International Journal of Earth Sciences

, Volume 93, Issue 4, pp 634–644 | Cite as

A Late Pleistocene lacustrine transgression in the Fehmarn Belt, southwestern Baltic Sea

Original Paper


In order to reconstruct the late Pleistocene seismic stratigraphy, 550 km of high-density 3.5 kHz sub-bottom seismic-reflection profiles were recorded within a 70 km2 area in the narrow offshore border zone between Germany and Denmark. A depositional unit 3 was analysed for its seismic facies association, and in the central study area mound, oblique, channel, reflection-free, shingled, hummocky, broken and parallel associations occurred. The rims of the association shows mound, oblique, hummocky and minor parallel seismic facies. Stratigraphic control was available from 32 coring sites. In the central study area, unit 3 represents rhythmic layers of silt with fine sand and clay in an overall fining-upward 3 to 5-m-thick sequence. At the rim of the basin, the unit comprises fine sand, silt and rhythmic layers of silt with clay and fine sand. Unit 3 is proposed as having formed during the transgression of a lake, partly in contact with the Baltic Ice Lake, some time between 10.8–10.0 14C ka BP. After 10.0 14C  ka BP the water body stagnated when contact with the Baltic Basin was cut off. Analysis of base level of the subunits implies tectonic activity resulting in subsidence of the central study area which could possibly have influenced the transgressive development.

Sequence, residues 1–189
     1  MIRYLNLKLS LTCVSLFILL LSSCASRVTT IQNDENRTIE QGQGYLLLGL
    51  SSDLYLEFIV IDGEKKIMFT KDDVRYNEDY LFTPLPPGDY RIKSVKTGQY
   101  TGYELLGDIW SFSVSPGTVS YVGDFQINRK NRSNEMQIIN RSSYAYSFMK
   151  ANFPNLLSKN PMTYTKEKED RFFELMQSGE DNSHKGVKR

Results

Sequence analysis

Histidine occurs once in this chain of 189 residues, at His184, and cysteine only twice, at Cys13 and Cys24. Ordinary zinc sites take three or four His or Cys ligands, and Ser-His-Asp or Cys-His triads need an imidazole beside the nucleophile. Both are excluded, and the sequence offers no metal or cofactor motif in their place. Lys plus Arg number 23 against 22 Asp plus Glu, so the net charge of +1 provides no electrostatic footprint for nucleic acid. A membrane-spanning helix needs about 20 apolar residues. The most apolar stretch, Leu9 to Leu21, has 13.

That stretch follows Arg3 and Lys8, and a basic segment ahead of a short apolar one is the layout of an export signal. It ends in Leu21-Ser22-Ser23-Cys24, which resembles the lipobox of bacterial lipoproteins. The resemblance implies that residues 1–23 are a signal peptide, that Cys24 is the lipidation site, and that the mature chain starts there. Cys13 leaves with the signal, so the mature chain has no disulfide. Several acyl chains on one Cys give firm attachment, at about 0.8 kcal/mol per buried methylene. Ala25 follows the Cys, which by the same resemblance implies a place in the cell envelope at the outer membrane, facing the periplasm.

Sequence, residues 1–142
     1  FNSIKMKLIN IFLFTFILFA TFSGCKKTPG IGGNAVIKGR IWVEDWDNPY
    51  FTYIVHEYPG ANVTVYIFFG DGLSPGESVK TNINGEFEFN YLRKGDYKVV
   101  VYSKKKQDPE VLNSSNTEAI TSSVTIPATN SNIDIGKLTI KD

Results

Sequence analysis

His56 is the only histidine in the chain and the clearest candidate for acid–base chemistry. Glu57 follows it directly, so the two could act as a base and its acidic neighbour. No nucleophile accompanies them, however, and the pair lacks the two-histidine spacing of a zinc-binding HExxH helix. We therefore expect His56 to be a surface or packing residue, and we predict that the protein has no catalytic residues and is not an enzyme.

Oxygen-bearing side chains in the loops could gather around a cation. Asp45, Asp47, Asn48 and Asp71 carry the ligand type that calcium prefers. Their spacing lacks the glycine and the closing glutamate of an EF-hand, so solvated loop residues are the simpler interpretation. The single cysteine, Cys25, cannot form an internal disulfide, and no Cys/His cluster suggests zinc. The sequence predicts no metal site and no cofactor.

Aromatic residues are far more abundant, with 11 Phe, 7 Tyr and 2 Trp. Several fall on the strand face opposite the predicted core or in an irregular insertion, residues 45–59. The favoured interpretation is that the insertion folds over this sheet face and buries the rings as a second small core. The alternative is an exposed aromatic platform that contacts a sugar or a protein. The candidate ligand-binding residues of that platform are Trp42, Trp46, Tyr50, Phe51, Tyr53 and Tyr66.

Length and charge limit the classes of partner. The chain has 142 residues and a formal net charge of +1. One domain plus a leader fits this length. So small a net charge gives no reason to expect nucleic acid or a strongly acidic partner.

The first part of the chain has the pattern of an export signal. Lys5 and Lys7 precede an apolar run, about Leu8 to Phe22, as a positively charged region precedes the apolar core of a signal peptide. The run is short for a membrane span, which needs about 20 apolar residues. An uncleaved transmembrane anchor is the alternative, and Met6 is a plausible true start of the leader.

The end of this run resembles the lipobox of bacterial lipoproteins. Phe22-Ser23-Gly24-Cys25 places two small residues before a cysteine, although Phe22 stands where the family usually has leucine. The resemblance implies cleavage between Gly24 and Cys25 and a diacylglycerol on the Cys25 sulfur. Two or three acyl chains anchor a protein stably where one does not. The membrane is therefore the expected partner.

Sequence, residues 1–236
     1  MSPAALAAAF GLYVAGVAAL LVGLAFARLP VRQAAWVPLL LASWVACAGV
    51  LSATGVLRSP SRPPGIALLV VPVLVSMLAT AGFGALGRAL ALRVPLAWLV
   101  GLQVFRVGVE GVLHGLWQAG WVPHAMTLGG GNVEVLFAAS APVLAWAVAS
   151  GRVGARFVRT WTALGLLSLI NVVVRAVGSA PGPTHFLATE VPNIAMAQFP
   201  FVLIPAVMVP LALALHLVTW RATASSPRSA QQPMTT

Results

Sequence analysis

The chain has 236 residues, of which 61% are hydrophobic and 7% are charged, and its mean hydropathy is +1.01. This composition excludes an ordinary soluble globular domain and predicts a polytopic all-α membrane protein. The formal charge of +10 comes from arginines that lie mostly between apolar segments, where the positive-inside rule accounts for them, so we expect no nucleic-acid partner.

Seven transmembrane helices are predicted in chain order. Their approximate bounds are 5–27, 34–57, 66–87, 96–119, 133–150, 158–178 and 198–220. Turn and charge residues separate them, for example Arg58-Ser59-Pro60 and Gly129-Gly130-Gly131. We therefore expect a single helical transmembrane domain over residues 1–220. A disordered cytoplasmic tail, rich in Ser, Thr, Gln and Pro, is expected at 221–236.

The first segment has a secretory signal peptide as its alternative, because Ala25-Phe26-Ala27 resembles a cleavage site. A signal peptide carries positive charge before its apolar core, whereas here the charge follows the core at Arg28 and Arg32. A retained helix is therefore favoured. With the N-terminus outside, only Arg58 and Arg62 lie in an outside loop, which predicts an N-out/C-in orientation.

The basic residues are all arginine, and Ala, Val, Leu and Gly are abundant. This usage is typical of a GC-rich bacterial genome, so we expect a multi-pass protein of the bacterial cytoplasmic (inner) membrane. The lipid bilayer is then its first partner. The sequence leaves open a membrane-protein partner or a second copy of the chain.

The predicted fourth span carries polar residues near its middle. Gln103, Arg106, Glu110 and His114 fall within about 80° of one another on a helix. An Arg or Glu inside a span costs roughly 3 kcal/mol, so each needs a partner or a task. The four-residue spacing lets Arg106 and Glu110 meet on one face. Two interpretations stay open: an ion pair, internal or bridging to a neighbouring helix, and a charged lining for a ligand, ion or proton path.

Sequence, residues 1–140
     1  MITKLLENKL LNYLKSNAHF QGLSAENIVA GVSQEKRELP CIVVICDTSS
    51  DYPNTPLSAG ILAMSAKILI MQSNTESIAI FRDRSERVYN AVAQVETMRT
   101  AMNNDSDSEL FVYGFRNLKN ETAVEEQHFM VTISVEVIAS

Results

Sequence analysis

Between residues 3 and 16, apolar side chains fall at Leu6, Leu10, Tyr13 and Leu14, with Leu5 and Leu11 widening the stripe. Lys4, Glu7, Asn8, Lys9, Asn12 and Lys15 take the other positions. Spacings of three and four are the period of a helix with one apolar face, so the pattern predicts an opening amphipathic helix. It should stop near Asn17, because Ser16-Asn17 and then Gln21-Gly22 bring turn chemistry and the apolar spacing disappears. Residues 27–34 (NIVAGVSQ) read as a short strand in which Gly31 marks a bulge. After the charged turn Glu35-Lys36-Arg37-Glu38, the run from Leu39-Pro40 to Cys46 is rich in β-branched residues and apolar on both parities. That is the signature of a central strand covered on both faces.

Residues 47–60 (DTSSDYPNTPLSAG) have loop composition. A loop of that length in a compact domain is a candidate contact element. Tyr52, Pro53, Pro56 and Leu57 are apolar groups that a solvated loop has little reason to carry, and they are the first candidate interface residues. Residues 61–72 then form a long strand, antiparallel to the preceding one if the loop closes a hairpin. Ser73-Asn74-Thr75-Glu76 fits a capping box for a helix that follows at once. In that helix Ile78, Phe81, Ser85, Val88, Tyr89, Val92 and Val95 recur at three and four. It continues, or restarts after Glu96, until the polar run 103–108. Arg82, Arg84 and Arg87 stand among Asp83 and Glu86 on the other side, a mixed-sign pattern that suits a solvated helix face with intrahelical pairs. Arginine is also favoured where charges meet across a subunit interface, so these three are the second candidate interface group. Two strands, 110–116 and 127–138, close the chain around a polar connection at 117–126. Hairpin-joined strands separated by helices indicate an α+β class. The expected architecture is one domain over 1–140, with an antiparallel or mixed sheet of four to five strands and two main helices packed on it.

Seismic facies Litho-facies Transgression Baltic Sea The Fehmarn Belt 



The data were placed at our disposal by The Danish Ministry of Transport and the Geological Survey of Denmark and Greenland. The Danish Forest and Nature Agency supported the project. An earlier version of the manuscript benefited from constructive comments by Wolfram Lemke, Warnemünde. We are also very grateful for the constructive reviews by Geoffrey Corner, Tromsö, and Nils Axel Mörner, Stockholm.


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Copyright information

© Springer-Verlag 2004

Authors and Affiliations

  1. 1.CopenhagenDenmark
  2. 2.GeoBiosphere Science Centre, Quaternary SciencesUniversity of LundLundSweden

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